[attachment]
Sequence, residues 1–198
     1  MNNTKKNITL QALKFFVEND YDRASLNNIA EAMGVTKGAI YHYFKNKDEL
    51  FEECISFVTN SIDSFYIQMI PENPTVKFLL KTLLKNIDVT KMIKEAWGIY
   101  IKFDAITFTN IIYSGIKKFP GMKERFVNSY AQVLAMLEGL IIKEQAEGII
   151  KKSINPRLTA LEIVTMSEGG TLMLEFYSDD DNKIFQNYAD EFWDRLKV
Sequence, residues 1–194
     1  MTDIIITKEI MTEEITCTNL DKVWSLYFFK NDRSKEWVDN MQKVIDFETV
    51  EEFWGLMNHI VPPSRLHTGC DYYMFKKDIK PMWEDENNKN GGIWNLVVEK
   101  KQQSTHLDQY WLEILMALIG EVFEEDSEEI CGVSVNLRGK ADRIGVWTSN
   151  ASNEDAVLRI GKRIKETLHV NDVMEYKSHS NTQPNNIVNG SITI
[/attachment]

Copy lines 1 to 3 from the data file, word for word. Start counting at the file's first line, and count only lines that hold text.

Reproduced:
Sequence, residues 1–198
     1  MNNTKKNITL QALKFFVEND YDRASLNNIA EAMGVTKGAI YHYFKNKDEL
    51  FEECISFVTN SIDSFYIQMI PENPTVKFLL KTLLKNIDVT KMIKEAWGIY